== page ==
French startup, Osium AI, is leveraging the power of AI to accelerate research and development in materials science. With a focus on optimizing the feedback loop between materials formulation and testing, Osium AI uses proprietary technology to predict the physical properties of new materials, refine and optimize them, and minimize trial and error. This approach offers significant potential for various industries, including construction, packaging, aeronautics, aerospace, textiles, and smartphones.
A new paper by Anthony Chemero from the University of Cincinnati challenges the notion that AI, particularly systems like ChatGPT, possesses true intelligence comparable to human thinking. Chemero argues that the fundamental difference lies in the lack of embodiment and understanding in AI, which prevents it from truly caring about the world or sharing human concerns. While AI technologies like ChatGPT are capable of generating impressive text, they lack the ability to comprehend the meaning behind their own statements. The paper emphasizes that AI’s limitations stem from its detachment from the physical world and the absence of genuine care and commitment exhibited by human intelligence.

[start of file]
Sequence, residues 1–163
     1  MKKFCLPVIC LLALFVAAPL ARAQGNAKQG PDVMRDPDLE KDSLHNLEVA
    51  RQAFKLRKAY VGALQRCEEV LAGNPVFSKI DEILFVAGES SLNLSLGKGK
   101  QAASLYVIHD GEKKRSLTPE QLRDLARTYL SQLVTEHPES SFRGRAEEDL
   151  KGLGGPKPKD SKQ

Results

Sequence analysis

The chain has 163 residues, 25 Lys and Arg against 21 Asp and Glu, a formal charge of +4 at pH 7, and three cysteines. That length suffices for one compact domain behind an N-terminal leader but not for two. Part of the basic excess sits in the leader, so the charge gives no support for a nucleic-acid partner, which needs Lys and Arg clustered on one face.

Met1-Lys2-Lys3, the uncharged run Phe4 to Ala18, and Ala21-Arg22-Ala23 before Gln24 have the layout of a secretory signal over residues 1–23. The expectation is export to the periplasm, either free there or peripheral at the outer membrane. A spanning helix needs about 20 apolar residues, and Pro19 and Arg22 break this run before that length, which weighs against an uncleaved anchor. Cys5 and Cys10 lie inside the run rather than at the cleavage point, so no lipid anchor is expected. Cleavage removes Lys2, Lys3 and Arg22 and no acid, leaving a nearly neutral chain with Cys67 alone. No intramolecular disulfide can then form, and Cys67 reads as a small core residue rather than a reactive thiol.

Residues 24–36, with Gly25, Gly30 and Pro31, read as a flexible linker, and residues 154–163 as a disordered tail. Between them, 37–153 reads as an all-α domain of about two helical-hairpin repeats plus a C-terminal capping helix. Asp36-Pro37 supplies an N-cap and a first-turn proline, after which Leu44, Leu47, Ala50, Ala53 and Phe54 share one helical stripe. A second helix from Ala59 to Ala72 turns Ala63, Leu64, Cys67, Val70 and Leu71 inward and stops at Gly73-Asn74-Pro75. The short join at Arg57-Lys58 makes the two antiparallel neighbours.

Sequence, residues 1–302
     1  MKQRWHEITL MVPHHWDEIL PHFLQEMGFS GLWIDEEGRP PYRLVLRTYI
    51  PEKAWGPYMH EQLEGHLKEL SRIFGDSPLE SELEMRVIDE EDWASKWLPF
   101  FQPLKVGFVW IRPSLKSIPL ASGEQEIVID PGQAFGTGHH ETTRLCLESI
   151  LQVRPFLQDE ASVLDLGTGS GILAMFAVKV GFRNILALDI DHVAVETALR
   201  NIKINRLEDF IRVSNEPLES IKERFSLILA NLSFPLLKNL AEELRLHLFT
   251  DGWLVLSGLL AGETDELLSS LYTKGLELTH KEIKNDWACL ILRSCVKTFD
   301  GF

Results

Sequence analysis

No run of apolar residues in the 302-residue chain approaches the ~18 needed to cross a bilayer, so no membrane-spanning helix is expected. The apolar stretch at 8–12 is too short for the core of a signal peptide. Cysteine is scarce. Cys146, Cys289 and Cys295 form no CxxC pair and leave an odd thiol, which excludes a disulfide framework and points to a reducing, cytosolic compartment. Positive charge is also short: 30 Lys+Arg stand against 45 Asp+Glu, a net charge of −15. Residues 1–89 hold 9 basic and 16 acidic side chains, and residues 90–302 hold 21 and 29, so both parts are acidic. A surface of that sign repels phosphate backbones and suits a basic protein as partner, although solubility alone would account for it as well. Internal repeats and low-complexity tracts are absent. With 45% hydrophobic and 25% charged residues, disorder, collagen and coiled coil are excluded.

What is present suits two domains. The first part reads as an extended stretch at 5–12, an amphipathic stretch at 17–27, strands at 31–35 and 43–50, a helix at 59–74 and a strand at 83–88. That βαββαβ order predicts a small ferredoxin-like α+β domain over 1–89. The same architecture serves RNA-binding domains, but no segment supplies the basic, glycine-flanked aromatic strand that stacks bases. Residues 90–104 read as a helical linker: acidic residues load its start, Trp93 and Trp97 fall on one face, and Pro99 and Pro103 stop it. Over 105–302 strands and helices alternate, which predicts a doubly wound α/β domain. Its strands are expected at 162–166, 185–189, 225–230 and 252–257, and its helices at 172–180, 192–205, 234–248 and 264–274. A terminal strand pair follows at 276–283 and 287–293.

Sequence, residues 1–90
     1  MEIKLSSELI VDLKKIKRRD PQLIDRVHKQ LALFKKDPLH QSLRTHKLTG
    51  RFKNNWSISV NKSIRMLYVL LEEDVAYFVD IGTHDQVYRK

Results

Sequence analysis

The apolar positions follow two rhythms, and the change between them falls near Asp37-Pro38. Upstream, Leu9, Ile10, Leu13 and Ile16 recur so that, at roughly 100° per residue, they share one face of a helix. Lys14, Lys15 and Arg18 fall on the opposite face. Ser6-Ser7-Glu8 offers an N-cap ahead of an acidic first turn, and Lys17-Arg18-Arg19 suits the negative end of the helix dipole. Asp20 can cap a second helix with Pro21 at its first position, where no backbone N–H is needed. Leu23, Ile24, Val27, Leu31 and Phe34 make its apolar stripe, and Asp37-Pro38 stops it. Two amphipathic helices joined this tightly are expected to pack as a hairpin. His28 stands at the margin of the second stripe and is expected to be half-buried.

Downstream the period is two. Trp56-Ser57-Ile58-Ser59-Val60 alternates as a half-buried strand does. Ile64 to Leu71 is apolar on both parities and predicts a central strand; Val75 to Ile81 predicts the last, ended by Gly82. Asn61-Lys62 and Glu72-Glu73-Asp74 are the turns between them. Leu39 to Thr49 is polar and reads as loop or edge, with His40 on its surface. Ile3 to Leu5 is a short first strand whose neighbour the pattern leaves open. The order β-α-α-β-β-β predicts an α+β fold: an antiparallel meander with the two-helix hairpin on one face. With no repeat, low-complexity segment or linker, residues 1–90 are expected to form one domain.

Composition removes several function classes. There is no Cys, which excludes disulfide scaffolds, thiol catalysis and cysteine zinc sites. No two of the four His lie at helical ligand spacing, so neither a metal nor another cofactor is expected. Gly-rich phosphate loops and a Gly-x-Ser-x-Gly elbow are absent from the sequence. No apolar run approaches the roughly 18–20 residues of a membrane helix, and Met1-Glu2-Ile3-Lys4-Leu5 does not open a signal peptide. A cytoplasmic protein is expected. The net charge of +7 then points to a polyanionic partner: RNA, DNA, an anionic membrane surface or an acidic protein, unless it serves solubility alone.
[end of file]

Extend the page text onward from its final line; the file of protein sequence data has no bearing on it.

Tech executives are raising concerns about the consolidation of power in the hands of a few tech giants due to the development of AI. The popularity of OpenAI’s ChatGPT has triggered an AI arms race among major tech companies. These large-scale AI models require significant computing power and are trained on massive amounts of data. Critics like Meredith Whittaker, president of Signal, and Frank McCourt of Project Liberty argue that such concentration gives these corporations excessive control over institutions and people’s lives. They fear that AI’s derivative technology reinforces centralized power structures in the U.S. and China, threatening user privacy and societal well-being. However, proponents like Wikipedia’s Jimmy Wales suggest that open-source models have the potential to disrupt the current concentration of AI power.
According to a study from the University of Cincinnati, the perception of AI intelligence is clouded by linguistic confusion. While AI language models like ChatGPT can generate impressive text, they lack true understanding and consciousness. Unlike humans, AI lacks embodied experiences and emotions, making it fundamentally different from human intelligence. The study highlights that the ability of AI to generate text, even if it includes “making things up” or “hallucinating,” does not equate to genuine human intelligence. It also warns that AI’s generation of text can amplify biases and produce harmful content without awareness. The study emphasizes that AI, while useful, lacks essential human elements such as caring, survival, and concern for the world.